Venezuelan journalist Lisseth Boon has participated in a number of projects carried out through CONNECTAS that have involved professionals from different countries investigating abuses of power. One of them, the project "Chavismo Inc. Los engranajes del capitalismo bolivariano," brought together journalists from 11 countries to investigate the flows of money out of Venezuela, often thanks to connections with people in power. The work won in the "In-Depth Journalism" category of the Inter-American Press Society (IAPA) award for Excellence in Journalism in 2021.

Boon is coordinator of the investigative unit of the digital media Runrun.es and of the investigative projects of the Rebelde Investiga Alliance (ARI), formed by the Venezuelan media Runrun.esEl Pitazo and TalCual. Her story with CONNECTAS began when she took the Virtual School course and, at the end of the training, she submitted a project for the platform's Journalistic Production Grants. Her project was selected and from then on she became part of the #CONNECTASHub community.

“I’ve continued to educate myself with all the training opportunities we’ve had, with the workshops they have given. I’ve also been a speaker in some seminars or forums, as well as given workshops for the CONNECTAS community.

She said she is very grateful to CONNECTAS for the opportunities to train, to work with colleagues from other countries, and to be able to count on the platform's editorial assistance with the production of the investigations. “And also for the financial support, through production grants for these feature stories. I believe this support has been fundamental for, in my case and in the case of the team that I coordinate. Without that support, it would have been difficult to do the coverage,” Boon said.

The journalist also highlighted the importance of the contribution of each professional who participates in the collaborative investigations. “The entire CONNECTAS model is about mutual collaboration, and [includes] working a lot as a team and in collaboration on transnational projects in which no one steals the limelight. Leadership is quite horizontal because all of us, at the moment of truth, are each contributing based on their potential and resources,” she said.

Boon believes that investigative journalism in Latin America has changed a lot in the last ten years, and that CONNECTAS has played a key role in these changes. “In supporting local teams in different Latin American countries, to carry out these investigations than take place in difficult, adverse contexts, where there is no access to information. Perhaps where there are also not many opportunities for training or getting resources to support this research,” she said.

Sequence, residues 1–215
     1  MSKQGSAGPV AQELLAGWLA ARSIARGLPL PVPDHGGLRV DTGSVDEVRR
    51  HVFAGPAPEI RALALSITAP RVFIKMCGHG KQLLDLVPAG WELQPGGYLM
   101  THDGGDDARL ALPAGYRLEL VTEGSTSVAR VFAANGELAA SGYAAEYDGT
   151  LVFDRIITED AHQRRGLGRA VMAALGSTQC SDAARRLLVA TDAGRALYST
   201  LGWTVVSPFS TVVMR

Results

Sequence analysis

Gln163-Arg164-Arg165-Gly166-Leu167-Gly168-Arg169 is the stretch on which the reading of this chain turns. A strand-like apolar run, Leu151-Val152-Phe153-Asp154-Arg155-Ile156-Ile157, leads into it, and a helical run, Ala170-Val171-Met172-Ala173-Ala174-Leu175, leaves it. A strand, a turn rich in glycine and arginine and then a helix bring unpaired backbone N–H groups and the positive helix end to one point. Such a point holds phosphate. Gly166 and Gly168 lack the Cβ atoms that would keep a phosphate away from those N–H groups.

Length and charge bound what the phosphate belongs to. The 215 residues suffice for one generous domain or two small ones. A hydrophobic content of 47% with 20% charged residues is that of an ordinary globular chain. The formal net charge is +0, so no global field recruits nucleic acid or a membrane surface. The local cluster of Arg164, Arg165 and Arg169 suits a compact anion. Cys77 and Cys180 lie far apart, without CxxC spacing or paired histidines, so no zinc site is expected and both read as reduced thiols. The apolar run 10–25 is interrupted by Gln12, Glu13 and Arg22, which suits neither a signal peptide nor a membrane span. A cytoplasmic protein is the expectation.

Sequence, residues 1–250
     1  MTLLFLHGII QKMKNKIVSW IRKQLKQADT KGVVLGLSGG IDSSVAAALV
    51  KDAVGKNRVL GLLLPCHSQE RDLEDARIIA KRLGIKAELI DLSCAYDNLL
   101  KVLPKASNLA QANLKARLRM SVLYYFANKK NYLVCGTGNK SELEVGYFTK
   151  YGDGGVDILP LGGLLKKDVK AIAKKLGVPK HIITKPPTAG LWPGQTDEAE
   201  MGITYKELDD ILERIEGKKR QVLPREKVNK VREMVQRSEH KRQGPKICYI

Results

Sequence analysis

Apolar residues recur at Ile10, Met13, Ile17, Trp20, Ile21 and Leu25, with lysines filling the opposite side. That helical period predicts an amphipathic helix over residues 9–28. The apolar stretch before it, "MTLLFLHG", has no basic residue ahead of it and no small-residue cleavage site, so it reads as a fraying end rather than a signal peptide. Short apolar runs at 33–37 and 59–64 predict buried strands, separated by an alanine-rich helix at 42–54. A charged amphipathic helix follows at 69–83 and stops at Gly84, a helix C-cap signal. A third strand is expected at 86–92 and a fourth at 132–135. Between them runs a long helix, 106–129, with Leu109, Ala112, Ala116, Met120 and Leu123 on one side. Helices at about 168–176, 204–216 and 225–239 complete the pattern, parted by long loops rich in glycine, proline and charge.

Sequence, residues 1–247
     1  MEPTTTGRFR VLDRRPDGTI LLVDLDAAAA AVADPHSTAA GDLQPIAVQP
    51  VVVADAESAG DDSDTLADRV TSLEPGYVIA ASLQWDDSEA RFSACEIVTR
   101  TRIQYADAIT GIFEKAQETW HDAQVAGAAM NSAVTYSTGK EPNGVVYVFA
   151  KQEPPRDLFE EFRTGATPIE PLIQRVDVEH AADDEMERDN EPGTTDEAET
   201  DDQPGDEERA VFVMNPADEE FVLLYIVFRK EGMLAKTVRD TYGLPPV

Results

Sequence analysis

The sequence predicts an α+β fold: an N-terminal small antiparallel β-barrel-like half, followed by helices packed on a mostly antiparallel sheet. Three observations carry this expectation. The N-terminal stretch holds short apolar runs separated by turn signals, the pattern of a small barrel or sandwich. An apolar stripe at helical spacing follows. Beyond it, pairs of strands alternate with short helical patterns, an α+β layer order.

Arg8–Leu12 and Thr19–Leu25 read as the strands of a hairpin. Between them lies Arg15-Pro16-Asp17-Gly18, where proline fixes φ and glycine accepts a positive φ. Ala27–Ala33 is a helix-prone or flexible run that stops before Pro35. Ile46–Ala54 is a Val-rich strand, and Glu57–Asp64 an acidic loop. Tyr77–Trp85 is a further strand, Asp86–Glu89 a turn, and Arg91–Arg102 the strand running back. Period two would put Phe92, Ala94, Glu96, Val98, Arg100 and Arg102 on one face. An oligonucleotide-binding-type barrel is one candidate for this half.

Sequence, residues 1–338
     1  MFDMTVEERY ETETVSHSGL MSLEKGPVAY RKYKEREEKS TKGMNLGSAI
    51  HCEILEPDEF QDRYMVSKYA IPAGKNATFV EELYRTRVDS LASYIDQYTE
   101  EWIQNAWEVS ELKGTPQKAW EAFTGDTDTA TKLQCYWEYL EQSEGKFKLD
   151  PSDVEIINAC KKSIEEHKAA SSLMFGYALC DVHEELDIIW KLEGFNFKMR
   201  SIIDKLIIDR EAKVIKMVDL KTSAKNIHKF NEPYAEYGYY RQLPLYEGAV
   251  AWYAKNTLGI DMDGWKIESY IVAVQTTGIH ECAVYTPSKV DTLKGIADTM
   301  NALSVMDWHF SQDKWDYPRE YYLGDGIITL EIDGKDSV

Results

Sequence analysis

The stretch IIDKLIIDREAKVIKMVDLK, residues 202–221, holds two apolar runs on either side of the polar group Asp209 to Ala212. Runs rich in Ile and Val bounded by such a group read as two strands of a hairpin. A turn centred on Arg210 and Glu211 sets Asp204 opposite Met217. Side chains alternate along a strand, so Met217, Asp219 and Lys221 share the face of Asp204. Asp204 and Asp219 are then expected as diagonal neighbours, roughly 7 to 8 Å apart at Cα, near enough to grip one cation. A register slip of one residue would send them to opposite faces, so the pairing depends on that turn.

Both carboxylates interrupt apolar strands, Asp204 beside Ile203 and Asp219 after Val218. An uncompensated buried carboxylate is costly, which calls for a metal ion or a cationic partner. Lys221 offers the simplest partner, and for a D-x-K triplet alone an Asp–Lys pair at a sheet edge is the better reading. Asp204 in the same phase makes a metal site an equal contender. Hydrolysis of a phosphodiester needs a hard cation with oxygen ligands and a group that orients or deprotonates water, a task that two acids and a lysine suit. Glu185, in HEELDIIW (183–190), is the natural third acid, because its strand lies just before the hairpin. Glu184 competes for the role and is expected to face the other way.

She also evaluates that today, worldwide and much more than ten years ago, transnational collaborative work in journalism is valued. “It is now acknowledged that teamwork is far more important precisely because it addresses complex issues from different perspectives. Also the integration of multidisciplinary teams help to understand or interpret these complex issues more fully,” Boon said. This entails challenges in organizing and coordinating all these efforts, she pointed out, “but I think we have also gained greater skills to precisely achieve these transnational and collaborative investigations, with the participation of many reporters from different cultures, methodologies and latitudes.”

The next 10 years

CONNECTAS celebrated its ten years with a series of activities, which are being promoted on social networks under the hashtag #CONNECTAS10AÑOS. In addition to strengthening the #CONNECTASHub community and the Latin American journalism community through new training opportunities, the platform is investing in disseminating the content, Huertas said. In 2022, CONNECTAS launched an English newsletter and a weekly podcast in Spanish that explores the investigations and analyses published by the platform. Another goal this year is to offer the Virtual School course in Portuguese. It is currently available in Spanish, French and English.

For the next ten years, plans remain the same as they were from the very first moment, Huertas said. “To work day by day for more and better journalism. To continue building this great hemispheric army of ants that humbly understands that in collective work with others they can better contrast their information and they can amplify its impact. That they can find creative and fun ways to do journalism. That they can approach realities that are more connected with their own context and better explain them. That, through collaboration, they can find a better way, so that relevant, public-interest truths can be told in a timely manner to help towards a better understanding of the Americas,” he said.